Brands To Gain Consumer Personal Data From California E-Receipt Legislation

As Californians cheer “save the environment,” marketers are likely doing their own happy dance over the proposal that would require businesses in the state to offer electronic receipts unless customers ask for paper copies.

The legislation -- AB-161, proposed Tuesday -- is not completely new. Many businesses, except for grocery stores, already offer the ability to email the receipt. Less often, the consumer has the ability to have that receipt texted to him or her.

Democratic Assemblyman Phil Ting of San Francisco said a law is needed because many consumers don’t realize that some paper receipts are coated with chemicals prohibited in baby bottles, can’t be recycled and can contaminate other recycled paper, according to the Associated Press.

The legislation would take affect in January 2022. It's not clear how much it will cost businesses, specifically smaller ones with less tech expertise. But implementing the technology could put the smaller brands and companies on a stronger playing field with larger and more tech-savvy ones.



For advertisers, the law become a bonanza of data with the ability to not only more accurately link offline to online purchases, but searches on Google and Bing. It would lock the consumer mobile numbers into a profile built on opt-in data.

Imagine having a phone number and email address for every consumer who has ever bought anything from your business.

Google Match, which Google introduced in 2015, expanded to include targeting by mobile numbers. It provided markets with more targeting options based on their customer relationship management (CRM) data. This California legislation could provide many of the same options, but without having to use Google’s platform.

The data also would belong to the retailer or brand and not to Google, giving marketers more choices. Not all advertisers have a large email list, but this would help them build a list of both emails and mobile numbers, even connecting the two with location data.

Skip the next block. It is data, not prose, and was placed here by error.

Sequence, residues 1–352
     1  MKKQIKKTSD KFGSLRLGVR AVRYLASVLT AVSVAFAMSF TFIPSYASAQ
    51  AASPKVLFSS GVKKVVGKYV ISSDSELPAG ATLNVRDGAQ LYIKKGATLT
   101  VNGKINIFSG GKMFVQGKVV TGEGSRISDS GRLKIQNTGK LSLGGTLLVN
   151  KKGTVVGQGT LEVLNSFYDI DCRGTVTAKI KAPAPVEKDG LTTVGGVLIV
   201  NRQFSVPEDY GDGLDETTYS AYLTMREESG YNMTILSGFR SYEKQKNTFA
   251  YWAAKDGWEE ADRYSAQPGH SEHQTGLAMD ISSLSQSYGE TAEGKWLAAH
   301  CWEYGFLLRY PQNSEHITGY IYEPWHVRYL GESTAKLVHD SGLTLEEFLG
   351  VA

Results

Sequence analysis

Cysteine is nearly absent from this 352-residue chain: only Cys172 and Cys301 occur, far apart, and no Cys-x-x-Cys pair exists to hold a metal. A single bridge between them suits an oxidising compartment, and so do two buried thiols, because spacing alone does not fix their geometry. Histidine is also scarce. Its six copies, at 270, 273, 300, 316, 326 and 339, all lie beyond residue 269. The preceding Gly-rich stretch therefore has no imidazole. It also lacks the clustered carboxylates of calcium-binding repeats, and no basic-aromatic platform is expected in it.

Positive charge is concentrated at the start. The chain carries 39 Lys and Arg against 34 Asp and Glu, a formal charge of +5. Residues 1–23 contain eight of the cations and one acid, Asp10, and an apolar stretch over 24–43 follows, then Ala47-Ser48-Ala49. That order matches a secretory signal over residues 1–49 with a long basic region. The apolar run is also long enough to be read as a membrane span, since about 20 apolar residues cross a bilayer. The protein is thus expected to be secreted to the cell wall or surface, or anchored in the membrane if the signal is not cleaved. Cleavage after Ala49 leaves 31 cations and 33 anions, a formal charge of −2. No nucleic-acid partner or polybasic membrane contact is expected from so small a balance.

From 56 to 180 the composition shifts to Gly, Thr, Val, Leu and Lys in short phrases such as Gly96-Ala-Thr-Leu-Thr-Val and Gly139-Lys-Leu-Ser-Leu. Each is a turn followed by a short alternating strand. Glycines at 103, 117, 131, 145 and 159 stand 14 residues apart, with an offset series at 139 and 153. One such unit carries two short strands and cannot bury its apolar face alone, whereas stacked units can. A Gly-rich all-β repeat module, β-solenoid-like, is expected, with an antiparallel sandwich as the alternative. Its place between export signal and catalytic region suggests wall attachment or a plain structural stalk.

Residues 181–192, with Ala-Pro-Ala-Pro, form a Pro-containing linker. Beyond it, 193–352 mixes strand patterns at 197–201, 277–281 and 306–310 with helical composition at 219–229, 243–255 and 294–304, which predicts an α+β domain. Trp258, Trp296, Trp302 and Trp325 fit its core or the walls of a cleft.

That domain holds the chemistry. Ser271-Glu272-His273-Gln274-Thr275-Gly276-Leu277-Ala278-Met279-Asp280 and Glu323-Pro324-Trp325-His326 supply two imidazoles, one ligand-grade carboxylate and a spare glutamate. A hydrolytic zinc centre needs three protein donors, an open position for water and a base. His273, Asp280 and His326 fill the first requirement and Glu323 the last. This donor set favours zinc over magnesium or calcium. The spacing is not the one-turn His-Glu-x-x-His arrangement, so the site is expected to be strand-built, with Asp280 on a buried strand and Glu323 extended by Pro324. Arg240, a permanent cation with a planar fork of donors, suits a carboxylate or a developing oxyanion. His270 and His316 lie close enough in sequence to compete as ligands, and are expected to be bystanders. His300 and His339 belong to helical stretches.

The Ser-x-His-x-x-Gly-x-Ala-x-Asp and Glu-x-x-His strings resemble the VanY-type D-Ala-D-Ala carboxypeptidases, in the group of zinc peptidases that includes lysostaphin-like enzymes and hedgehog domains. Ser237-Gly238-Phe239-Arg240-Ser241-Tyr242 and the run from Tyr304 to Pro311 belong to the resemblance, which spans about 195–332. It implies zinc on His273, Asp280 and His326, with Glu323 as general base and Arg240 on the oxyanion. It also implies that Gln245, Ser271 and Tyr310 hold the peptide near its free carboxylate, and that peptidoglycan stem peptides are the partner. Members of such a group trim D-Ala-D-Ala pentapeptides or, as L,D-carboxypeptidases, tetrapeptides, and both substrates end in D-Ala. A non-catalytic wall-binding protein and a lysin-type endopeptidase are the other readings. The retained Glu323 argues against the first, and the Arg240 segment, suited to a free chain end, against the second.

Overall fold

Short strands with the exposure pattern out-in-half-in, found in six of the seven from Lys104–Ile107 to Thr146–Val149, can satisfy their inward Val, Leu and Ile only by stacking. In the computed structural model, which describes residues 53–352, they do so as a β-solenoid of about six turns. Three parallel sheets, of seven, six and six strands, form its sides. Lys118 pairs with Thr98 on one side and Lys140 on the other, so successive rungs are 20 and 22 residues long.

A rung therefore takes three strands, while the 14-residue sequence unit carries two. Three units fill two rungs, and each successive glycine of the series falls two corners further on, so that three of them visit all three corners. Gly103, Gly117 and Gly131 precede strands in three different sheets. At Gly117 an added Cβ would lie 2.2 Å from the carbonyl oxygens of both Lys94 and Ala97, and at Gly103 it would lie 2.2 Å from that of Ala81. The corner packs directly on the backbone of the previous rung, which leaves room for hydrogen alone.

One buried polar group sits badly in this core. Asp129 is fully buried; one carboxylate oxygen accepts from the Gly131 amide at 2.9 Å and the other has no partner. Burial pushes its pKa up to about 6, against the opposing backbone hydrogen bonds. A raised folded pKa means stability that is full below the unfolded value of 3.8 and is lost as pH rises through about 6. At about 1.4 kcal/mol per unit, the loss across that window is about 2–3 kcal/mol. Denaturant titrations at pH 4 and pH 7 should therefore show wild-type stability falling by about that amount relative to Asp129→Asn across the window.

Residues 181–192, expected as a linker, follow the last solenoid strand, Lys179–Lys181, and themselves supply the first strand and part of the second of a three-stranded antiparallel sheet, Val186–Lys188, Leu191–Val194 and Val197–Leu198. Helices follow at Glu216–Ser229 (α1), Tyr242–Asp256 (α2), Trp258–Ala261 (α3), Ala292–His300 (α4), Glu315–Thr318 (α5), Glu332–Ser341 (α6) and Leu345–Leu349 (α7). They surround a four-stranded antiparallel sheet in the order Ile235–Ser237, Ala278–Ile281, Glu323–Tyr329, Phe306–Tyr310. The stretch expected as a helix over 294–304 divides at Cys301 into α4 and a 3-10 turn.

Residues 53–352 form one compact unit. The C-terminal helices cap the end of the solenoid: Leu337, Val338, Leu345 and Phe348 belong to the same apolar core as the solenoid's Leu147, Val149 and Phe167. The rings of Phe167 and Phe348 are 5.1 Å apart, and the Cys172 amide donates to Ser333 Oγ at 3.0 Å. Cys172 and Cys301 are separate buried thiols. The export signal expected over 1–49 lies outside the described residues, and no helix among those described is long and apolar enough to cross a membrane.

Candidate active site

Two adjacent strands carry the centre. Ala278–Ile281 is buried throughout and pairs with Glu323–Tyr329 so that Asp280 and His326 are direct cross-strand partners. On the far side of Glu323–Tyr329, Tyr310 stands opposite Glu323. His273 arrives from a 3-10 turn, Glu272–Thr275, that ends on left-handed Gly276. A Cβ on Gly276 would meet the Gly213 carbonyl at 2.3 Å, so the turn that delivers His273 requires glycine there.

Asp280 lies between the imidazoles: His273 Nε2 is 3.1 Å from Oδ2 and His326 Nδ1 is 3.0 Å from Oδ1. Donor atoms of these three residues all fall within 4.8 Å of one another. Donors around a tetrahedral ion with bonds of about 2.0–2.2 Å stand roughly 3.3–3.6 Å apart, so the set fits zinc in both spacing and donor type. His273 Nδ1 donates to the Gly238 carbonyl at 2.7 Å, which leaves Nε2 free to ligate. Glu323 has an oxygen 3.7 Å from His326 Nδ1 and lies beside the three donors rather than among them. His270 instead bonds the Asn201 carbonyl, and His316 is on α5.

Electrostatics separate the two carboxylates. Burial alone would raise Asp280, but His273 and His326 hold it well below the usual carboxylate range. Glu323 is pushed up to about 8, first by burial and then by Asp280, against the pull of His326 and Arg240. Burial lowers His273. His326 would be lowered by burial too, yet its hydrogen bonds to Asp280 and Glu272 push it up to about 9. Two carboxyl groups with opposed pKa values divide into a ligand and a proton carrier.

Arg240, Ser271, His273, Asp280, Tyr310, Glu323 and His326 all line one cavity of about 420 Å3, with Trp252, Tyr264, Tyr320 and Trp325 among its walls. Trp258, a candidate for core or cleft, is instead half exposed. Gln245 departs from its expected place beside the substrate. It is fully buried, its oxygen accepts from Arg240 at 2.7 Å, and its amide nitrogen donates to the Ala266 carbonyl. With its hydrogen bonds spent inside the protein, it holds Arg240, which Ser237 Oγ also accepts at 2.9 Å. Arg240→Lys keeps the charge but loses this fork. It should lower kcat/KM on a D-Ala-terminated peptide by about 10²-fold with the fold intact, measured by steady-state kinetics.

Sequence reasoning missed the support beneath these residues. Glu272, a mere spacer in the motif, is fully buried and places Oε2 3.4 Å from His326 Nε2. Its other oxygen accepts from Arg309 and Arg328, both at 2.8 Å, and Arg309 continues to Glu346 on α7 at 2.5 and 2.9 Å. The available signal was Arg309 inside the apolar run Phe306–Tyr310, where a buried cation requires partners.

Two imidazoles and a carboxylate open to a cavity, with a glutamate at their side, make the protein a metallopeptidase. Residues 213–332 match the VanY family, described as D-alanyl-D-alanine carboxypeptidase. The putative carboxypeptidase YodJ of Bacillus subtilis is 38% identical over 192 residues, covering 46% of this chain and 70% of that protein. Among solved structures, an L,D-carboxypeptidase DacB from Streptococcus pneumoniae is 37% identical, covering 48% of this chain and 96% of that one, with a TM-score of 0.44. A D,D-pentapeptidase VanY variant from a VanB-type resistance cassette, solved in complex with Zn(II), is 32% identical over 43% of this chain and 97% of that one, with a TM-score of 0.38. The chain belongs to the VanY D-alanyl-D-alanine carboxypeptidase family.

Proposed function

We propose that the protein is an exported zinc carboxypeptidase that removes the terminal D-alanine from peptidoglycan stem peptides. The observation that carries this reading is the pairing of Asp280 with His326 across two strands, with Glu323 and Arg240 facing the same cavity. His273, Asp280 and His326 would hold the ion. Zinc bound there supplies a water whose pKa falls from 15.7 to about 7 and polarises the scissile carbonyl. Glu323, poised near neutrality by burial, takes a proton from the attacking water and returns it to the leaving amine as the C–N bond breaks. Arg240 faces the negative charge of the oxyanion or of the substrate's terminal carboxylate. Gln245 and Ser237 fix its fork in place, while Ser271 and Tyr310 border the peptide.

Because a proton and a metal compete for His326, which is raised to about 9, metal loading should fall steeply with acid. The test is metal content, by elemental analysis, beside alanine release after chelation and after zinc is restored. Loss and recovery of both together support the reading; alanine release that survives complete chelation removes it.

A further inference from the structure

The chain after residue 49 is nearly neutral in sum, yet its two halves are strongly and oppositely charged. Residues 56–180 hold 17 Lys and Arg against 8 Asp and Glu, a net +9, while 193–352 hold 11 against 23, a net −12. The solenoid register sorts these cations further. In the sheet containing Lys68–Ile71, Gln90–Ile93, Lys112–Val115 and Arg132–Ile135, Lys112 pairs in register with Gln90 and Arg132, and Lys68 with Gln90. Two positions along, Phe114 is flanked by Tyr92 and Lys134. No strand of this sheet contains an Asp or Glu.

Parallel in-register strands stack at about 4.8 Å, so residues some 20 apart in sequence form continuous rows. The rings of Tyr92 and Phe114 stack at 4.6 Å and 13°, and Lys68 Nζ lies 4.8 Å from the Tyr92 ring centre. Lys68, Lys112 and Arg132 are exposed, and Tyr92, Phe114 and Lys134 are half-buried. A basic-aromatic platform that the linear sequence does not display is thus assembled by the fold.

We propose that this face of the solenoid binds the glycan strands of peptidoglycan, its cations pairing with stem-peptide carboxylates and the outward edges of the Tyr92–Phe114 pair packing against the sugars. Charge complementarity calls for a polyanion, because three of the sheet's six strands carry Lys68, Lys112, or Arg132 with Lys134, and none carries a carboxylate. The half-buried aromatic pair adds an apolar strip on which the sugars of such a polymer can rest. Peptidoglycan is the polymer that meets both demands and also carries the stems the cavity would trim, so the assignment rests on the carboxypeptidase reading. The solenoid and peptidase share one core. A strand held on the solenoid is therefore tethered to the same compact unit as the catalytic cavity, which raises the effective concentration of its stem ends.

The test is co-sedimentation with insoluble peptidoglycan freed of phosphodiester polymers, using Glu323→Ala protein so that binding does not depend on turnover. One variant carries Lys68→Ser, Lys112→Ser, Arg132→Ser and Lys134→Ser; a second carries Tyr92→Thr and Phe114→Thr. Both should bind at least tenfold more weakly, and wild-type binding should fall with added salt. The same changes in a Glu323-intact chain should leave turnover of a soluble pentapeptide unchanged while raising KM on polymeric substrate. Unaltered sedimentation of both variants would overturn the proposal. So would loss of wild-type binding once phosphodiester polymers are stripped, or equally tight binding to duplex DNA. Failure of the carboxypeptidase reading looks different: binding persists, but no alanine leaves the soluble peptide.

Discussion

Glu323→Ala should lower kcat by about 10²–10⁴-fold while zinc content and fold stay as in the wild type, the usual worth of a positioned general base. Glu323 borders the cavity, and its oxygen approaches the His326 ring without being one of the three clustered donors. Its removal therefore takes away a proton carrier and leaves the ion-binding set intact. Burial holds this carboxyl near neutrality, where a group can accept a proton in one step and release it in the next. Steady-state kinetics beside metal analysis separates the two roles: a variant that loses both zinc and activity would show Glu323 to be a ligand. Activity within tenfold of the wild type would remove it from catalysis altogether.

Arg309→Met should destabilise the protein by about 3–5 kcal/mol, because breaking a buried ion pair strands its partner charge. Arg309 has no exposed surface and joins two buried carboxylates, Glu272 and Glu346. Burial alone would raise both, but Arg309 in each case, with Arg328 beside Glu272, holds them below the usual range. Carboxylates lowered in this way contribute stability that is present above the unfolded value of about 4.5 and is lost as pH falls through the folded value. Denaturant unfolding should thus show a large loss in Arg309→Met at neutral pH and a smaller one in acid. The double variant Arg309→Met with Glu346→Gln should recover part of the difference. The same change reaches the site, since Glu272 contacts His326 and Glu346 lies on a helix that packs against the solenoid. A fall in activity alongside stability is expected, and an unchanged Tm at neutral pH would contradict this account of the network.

And it will become nearly, in the state of California, for consumers who wish to pay cash and remain anonymous when requiring a receipt for everything from a pack of gum at a gas station or lunch at their favorite eatery, to shirts, purses or shoes at a retailer.  

2 comments about "Brands To Gain Consumer Personal Data From California E-Receipt Legislation".
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  1. Robin Caller from LOLA GROVE, January 12, 2019 at 6:04 a.m.

    Laurie, how do you think that will reconcile with increased privacy regulations?
    In the EU, that equivalent legislation would not stop consumers from requesting access, edit, export and deletion rights. 
    I'm also not clear about your conclusion. 

  2. Laurie Sullivan from lauriesullivan, January 13, 2019 at 6:48 p.m.

    Hi Robin, Thank you for commenting. I think this will fall in place when it comes to increased privacy regulations, because the consumer would essentially be opting in to provide their email address and/or mobile number. Consumers might still request access ... and deletion rights, as you suggest, but for the most part I do not think they will fight the electronic receipt in California. As for my conclusion, I prefer to pay cash while in a physical store. I feel it's the last place that I can completely remain anonymous. This bill, however, would still allow me to ask for a paper receipt. I just believe, for the most part, most people will not as for one. They will accept the electronic receipt, making it easier for retailers and businesses to collect personal information. 

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